Try Me: Bombastic EP

I felt I was the main character in a modern version of Alice In Wonderland. On receiving an electronic file labled “Try Me“, there was only one thing to do; take a deep breath, close my eyes and dive in.

The subsquent trip that Bristol based duo Try Me (with the stage names of Hector Boogieman and Bendy Wendy), took me on was a wild journey that Lewis Carroll wouldn’t have understood. A maze of sound with a jaunty, funky piece of music which reminded me a little of the likes of Confidence Man and The Scissor Sisters and a sprinkle of the angel dust of the mighty Gorrilaz melded in.

The band accurately describe their sound as disco punk. They showcase a mix of light hearted boogie sounds packed full of an infectious silliness and then mix in an aggressive edge with some intensely delivered vocals from both Hector and Wendy.

The lyrics on the main event on the 2 track EP, a track called Bombastic, reflects the current condition of youth twisting themselves to precisely specify their gender and sexuality. The bounce line in the song is, “all the he’s, and the she’s or all the people inbetween”. Meanwhile Wendy asserts the authority of women: “Dont you ever ever tell me what to do!”. This song has a huge power but is dressed up as an incongruous bouncy bit of disco.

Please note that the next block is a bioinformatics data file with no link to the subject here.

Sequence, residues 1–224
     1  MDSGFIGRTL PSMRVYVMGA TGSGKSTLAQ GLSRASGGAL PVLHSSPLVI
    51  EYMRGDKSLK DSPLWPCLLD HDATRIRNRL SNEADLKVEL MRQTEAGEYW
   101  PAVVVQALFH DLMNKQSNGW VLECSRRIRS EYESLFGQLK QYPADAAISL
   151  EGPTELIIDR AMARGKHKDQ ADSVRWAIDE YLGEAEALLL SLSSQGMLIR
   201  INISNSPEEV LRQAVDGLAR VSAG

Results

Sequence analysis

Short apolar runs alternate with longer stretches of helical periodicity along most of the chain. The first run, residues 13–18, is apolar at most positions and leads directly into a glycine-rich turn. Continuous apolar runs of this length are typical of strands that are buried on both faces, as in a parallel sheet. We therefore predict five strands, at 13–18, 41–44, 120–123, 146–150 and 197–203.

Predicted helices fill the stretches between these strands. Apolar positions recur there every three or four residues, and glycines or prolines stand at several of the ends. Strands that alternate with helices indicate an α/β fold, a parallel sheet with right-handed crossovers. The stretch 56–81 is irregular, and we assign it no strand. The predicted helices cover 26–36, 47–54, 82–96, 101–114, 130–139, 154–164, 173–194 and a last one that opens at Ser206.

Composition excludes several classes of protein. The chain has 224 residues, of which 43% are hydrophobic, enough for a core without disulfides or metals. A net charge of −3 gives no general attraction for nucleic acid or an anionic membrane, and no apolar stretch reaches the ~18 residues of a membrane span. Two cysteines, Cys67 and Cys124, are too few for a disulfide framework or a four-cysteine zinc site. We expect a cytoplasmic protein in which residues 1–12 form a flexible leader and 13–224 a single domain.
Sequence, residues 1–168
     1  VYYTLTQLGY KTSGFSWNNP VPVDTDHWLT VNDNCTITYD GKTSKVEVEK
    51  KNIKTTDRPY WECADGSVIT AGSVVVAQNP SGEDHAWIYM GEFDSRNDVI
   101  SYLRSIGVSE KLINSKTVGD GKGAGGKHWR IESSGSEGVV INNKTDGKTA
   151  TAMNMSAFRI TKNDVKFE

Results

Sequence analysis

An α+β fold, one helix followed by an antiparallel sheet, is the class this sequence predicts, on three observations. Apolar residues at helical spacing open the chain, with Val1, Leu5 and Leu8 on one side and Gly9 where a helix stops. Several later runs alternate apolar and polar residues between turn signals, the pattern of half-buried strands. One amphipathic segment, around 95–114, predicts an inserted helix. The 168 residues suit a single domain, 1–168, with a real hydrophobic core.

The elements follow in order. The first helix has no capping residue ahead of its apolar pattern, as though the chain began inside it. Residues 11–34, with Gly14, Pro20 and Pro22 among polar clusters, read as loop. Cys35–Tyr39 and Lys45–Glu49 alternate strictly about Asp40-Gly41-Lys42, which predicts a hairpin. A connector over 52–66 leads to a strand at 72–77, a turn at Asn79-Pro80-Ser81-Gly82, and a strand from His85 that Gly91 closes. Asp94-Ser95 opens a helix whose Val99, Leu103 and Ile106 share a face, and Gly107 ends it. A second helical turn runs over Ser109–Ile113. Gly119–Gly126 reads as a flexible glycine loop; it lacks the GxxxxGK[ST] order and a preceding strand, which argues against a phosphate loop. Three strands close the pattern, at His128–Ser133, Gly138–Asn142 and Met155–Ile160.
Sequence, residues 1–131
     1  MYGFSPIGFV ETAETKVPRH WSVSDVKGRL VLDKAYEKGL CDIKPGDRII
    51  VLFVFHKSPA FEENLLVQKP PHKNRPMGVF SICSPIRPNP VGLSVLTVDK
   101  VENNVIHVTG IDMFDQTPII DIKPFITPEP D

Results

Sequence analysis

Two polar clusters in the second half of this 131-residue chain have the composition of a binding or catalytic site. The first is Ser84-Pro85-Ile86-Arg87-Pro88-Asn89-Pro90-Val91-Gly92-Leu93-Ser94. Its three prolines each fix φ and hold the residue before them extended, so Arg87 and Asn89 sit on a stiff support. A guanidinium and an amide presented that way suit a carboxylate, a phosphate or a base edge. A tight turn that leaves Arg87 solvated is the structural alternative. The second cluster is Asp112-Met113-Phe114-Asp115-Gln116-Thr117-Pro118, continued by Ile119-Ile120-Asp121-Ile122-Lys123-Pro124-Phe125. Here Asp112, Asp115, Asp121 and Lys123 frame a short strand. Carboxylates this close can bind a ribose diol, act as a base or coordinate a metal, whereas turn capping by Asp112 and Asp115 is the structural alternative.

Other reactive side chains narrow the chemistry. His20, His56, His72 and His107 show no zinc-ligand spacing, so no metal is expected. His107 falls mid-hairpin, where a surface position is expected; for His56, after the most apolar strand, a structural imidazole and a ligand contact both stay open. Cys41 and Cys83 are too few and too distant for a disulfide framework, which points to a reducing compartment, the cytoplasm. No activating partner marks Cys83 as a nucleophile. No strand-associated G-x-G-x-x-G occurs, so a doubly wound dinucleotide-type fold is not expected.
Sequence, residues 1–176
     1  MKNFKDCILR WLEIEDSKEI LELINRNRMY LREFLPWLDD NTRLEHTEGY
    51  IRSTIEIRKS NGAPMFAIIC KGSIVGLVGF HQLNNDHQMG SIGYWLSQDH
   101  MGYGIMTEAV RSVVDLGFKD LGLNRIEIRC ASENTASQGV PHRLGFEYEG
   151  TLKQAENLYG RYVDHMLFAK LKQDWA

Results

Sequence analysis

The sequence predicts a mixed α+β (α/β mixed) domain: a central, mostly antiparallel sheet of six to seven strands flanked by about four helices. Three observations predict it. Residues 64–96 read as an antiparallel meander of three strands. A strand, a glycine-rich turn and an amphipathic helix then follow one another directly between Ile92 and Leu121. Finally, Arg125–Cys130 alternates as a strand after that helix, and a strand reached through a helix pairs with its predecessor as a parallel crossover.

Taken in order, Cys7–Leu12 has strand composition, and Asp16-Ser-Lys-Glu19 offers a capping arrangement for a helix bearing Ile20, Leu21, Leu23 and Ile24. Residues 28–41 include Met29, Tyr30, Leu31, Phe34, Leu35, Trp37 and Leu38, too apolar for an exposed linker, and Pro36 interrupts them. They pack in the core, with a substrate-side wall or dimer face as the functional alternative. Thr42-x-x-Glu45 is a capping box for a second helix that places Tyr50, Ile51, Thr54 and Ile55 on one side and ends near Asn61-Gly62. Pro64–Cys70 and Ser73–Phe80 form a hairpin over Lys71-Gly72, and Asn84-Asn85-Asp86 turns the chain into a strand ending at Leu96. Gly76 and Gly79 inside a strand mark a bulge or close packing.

I adore this sense of inclusion and recognition although I take a simple view. I have some very masculine traits, but when I have a fancy to paint my fat man toenails purple then that’s how they end up. Life and sexuality is a pick n mix smorgasbord; don’t deny yourself something at the other side of the platter if the fancy takes.

The quirky male and female vocals of Bendy Wendy and Hector are winning and charming. There’s a good spiky vibe with this band and its totally about fun and funk but with a serious edge. I even got a little heady and thought of Haysi Fantayzee and their legendary bit of high 1980’s serious fun John Wayne is Big Leggy (this song was a statement about how indigenous tribes were dealt with by the colonists in the US).

The second track on the EP Girl/Boy also explores that gender question with a ghost of a song with a grand musical vibe harking back to the heyday of the Hollywood Musicals. You can say what you like about Try Me but they are never boring or predictable.

Chris R

*Images taken from the band’s social media…


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